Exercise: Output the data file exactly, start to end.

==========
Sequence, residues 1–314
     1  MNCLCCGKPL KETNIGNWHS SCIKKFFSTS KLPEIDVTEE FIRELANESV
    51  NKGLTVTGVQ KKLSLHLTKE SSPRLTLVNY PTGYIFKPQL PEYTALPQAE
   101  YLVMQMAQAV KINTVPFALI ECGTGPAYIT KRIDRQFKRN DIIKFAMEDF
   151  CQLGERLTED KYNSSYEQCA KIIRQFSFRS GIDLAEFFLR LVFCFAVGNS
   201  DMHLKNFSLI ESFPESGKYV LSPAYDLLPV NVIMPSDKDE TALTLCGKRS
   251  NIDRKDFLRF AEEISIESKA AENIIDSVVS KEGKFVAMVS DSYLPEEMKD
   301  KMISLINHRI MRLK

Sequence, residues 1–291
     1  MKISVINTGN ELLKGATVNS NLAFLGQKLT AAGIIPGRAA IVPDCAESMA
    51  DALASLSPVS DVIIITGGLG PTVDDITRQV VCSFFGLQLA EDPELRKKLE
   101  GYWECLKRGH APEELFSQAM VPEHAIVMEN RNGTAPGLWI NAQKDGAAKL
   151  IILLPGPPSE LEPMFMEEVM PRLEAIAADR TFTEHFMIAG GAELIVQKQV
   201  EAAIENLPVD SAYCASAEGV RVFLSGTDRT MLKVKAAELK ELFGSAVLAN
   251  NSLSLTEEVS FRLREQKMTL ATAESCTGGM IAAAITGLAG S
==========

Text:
Sequence, residues 1–314
     1  MNCLCCGKPL KETNIGNWHS SCIKKFFSTS KLPEIDVTEE FIRELANESV
    51  NKGLTVTGVQ KKLSLHLTKE SSPRLTLVNY PTGYIFKPQL PEYTALPQAE
   101  YLVMQMAQAV KINTVPFALI ECGTGPAYIT KRIDRQFKRN DIIKFAMEDF
   151  CQLGERLTED KYNSSYEQCA KIIRQFSFRS GIDLAEFFLR LVFCFAVGNS
   201  DMHLKNFSLI ESFPESGKYV LSPAYDLLPV NVIMPSDKDE TALTLCGKRS
   251  NIDRKDFLRF AEEISIESKA AENIIDSVVS KEGKFVAMVS DSYLPEEMKD
   301  KMISLINHRI MRLK

Sequence, residues 1–291
     1  MKISVINTGN ELLKGATVNS NLAFLGQKLT AAGIIPGRAA IVPDCAESMA
    51  DALASLSPVS DVIIITGGLG PTVDDITRQV VCSFFGLQLA EDPELRKKLE
   101  GYWECLKRGH APEELFSQAM VPEHAIVMEN RNGTAPGLWI NAQKDGAAKL
   151  IILLPGPPSE LEPMFMEEVM PRLEAIAADR TFTEHFMIAG GAELIVQKQV
   201  EAAIENLPVD SAYCASAEGV RVFLSGTDRT MLKVKAAELK ELFGSAVLAN
   251  NSLSLTEEVS FRLREQKMTL ATAESCTGGM IAAAITGLAG S